Finally, an appreciation of the connections between humans, animals, and the environment is warranted. In Alberta, the majority of STEC O157 isolated from humans share the same lineage [30] and same Shiga toxin genotype [31] with isolates from cattle, corroborating the latter as an important direct and/or indirect source of infection to the former. This complex interaction is modulated by climate and weather, with STEC O157 genetic diversity in cattle varying over the course of the seasons [32], and with the intensity of bacterial shedding modified by severe weather [33]. These dynamics may help explain our findings of an independent association between infection during spring months and the significantly increased likelihood of hospitalization and a trend toward the increased likelihood of HUS, as may also, perhaps, the unexpectedly lower rates of HUS during the fall months. Indeed, the seasonal occurrence of HUS has been previously described [5,34,35]. However interested in assessing the interactions between the four seasons and the six isolated Shiga toxin genotypes documented in the present data, such analysis was limited by the overall (72.2% of all isolates) and seasonal (67.8 to 78.6% of the isolates in a given season) predominance of stx1a stx2a isolates, and the small numbers of isolates of each remaining genotype in a given season. Larger datasets are required to adequately investigate associations between bacterial and Shiga toxin genotypes, and the seasonality of STEC infections.
Cattle density measurements themselves have also been previously shown to correlate with STEC O157 infection rates in humans [36,37]. Not surprisingly, STEC O157 infections in Alberta were not restricted to high human density large urban centers, but also observed in rural areas where, relative to human presence, cattle density is elevated. In association with cattle farming, contamination of the watershed in Alberta’s southernmost region has been documented [38] to affect irrigation water [39], thereby also extending the STEC O157 contamination potential to produce and recreational waters. Environmental contamination may provide an alternative path for infection other than the ingestion of contaminated meat. Efforts targeting animal health and the environment are clearly required to limit the STEC O157 burden on human health.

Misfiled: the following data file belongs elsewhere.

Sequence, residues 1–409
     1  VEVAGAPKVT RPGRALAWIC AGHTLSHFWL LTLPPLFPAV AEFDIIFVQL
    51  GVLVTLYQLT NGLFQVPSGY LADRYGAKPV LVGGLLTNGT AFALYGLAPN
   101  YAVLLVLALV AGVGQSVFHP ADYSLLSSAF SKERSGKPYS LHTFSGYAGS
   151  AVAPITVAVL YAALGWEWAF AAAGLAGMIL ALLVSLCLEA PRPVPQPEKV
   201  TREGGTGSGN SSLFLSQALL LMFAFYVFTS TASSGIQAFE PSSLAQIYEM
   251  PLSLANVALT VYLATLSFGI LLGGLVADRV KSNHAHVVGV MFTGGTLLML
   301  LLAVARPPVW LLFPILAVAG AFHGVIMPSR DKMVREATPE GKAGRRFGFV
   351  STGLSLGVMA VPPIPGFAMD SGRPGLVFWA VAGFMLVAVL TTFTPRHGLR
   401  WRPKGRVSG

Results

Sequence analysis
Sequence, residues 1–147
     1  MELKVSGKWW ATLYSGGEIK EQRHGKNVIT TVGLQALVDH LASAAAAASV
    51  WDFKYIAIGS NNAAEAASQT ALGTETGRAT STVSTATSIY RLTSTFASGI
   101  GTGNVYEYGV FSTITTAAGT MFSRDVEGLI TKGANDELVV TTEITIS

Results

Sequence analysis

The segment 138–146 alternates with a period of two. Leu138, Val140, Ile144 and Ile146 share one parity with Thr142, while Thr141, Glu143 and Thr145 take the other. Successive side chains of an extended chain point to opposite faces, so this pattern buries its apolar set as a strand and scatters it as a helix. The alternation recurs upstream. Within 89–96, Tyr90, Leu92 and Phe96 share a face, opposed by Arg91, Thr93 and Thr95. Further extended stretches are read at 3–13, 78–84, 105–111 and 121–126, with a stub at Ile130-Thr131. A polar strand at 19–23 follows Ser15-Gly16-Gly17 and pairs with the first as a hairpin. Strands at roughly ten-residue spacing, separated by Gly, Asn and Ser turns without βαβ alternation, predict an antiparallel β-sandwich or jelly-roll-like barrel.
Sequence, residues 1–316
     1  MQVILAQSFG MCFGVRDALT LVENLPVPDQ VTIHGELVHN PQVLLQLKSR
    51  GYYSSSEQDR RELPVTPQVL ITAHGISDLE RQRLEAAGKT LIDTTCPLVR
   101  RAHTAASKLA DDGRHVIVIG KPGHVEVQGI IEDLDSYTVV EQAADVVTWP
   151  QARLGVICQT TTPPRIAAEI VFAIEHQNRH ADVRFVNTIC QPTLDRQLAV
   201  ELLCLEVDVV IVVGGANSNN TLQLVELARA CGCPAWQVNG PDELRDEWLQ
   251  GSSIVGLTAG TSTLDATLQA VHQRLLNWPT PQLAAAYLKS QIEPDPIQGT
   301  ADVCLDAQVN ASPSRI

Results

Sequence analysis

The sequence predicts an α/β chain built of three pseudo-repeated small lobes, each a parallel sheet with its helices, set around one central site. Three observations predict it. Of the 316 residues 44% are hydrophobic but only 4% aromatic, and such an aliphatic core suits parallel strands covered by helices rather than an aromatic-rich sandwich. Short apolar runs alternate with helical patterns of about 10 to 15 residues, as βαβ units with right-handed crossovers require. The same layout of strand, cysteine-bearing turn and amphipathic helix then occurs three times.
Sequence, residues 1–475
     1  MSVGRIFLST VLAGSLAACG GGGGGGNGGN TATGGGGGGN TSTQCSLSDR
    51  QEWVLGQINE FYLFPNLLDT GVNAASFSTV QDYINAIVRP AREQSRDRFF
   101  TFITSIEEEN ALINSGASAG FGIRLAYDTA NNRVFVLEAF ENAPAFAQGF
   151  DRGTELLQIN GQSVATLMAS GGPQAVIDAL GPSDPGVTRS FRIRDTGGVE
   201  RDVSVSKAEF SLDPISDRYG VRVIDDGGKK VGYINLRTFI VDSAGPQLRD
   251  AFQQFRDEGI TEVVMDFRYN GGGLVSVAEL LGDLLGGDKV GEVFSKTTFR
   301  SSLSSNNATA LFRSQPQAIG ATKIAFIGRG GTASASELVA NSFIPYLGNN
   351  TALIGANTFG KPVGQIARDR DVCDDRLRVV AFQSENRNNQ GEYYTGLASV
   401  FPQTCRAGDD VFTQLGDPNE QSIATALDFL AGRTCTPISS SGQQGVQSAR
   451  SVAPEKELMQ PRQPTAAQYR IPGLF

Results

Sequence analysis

Overall, we provided an updated epidemiological picture of STEC O157 infections in Alberta with the contribution of molecular techniques, several years after the first population-based study describing this issue in our province. Although local infection rates have largely decreased since the emergence of STEC O157 as an issue of major public health importance, much has yet to be done in order to further reduce the stagnant rates of HUS. While the clinical microbiology laboratory landscape is quickly evolving in response to this demand, a One Health approach is critical for the successful control of STEC O157 infections.

4. Materials and Methods

4.1. Setting

Infection by Shiga toxin-producing E. coli strains is a notifiable disease in the province of Alberta, Canada, and is reportable to the local health authority. Throughout the study period (2009–2016), the network of Alberta sentinel microbiology laboratories adhered to the Centers for Disease Control and prevention (CDC) recommendations for the isolation of STEC [40] through the use of selective differential agar (sorbitol-MacConkey agar or CHROMagar O157) for the primary plating of all stool samples submitted for culture. All E. coli O157 isolates were referred to the Provincial Laboratory for Public Health (ProvLab) for confirmation and further characterization to support surveillance and monitoring.

4.2. Data Collection

Procedures were reviewed and approved by the University of Alberta Human Research Ethics Board. STEC isolates received at ProvLab for confirmatory testing and organism typing were prospectively catalogued upon receipt, along with respective test results. Demographic and hospitalization data temporally-associated with the STEC infection episode and/or associated HUS are prospectively captured by The Ministry of Health as per the notifiable disease reporting regulations [41]. Mortality attributable to STEC infections and renal replacement therapy requirements secondary to HUS are not recorded. After deterministic linkage of microbiological and public health data, all individual-level data were anonymized prior to use in this study.

4.3. Case Definitions and Inclusion Criteria